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I have a list of varying length that I want to continuously up date with some new data. So basically I want to add a new data point and remove any data out of a set range. I have been playing around with this for a little bit now and haven't gotten anywhere that I can tell. I was trying to use this post as a reference, but apparently I don't under stand what is going on. Below is a code snippet that is an example of what I have tried.

for i in range(0,100):
    n = [x for x in n if not (x-n[-1]>10)]
    print len(n)

Ideally n would only have the last 10 data points contained in it at any given time during the for loop. I am sure that this is something basic that I am just not understanding, if you all could help me out I would really appreciate it. Thanks.

Edit: Example of the list n

[0, 1]
[89, 90, 91, 92, 93, 94, 95, 96, 97, 99]
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"n would only have the last 10 data points" ... what exactly do you mean by last? most recent in terms of insertion? –  Kaustubh Karkare Oct 11 '12 at 18:53
can you give us an example of a list, and what you want to achieve. –  root Oct 11 '12 at 18:56
@KaustubhKarkare It would contain up to 10 of the most recent iterations (fewer before you hit 10), and then maintain a list of the 10 latest iteration numbers. At the end n would be [90, 91, ... 99]. –  deadstump Oct 11 '12 at 18:58
Alright ... then the answer I gave below will work. –  Kaustubh Karkare Oct 11 '12 at 19:00
@KaustubhKarkare That worked great! Thanks! I am also looking into the n.pop(0) method. –  deadstump Oct 11 '12 at 19:14

4 Answers 4

up vote 4 down vote accepted

Assuming you mean that n should contain only the latest 10 data points inserted, you want:

for i in range(0,100):
    if len(n)>10: n[:] = n[1:]
    print len(n) # will never go above 10
share|improve this answer
n[:] = n[1:] can be replaced by n.pop(0), as Colleen said. –  Kaustubh Karkare Oct 11 '12 at 18:57
what is the n[:] notation? Why not n=n[1:]? –  Colleen Oct 11 '12 at 18:59

Why not just pop() the list every time you append something, if len>10? If I'm understanding the question right.

for i in range(0,100):
    if len(n)>10:
share|improve this answer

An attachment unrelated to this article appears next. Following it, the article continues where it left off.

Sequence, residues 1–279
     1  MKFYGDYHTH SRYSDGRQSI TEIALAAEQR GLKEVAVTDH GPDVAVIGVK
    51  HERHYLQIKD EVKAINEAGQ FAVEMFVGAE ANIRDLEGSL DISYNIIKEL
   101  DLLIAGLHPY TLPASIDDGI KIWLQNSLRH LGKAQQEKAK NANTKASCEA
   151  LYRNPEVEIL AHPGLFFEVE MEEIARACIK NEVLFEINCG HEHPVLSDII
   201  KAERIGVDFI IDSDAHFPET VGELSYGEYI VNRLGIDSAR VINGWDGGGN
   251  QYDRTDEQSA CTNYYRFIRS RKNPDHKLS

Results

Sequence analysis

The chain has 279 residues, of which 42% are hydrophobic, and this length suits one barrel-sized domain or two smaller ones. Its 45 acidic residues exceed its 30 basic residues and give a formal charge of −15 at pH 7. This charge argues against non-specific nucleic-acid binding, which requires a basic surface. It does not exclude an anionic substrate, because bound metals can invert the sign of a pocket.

This works as well as Kaustubh Karkare's answer (n[:] = n[1:]), but the out put shows the popped number as well (outside of the list, I am printing n so I can see it). Is this normal? –  deadstump Oct 11 '12 at 19:13
code, please! Not sure what you mean-- e.g. outside the loop could be before or after. –  Colleen Oct 11 '12 at 19:19
If I use your code with a print n after the if condition the last output looks like this 88 \n [89, 90, ... 99]. The 88 is the popped value, and the list is n. I was wondering if displaying the popped value is normal behavior. Thanks. –  deadstump Oct 11 '12 at 19:33
Are you running this code in the interactive console? Because in that case, if the return values of statements aren't assigned to anything, they are displayed. –  Kaustubh Karkare Oct 11 '12 at 19:40

If I properly understand, you want to keep some variable number of elements in the list "n". Let's call that variable "m", so

for i in range(0,100):
    m = random.randint(1, 10)
    if len(n)>m:
        n = n[-m:]               # [-m:] defines the last m elements of n
    print len(n)

This should always print m in the end

share|improve this answer

use deque with fast appends and pops: and from python 2.7 up you can set maxlen.

from collections import deque

>>> d=deque([])
>>> for i in range(10):
...     d.append(i)
...     if len(d) > 3: d.popleft()
>>> d
deque([7, 8, 9])

Using maxlen:

>>> d = deque(range(5), maxlen=3)
>>> print d
deque([2, 3, 4], maxlen=3)
>>> print d.maxlen
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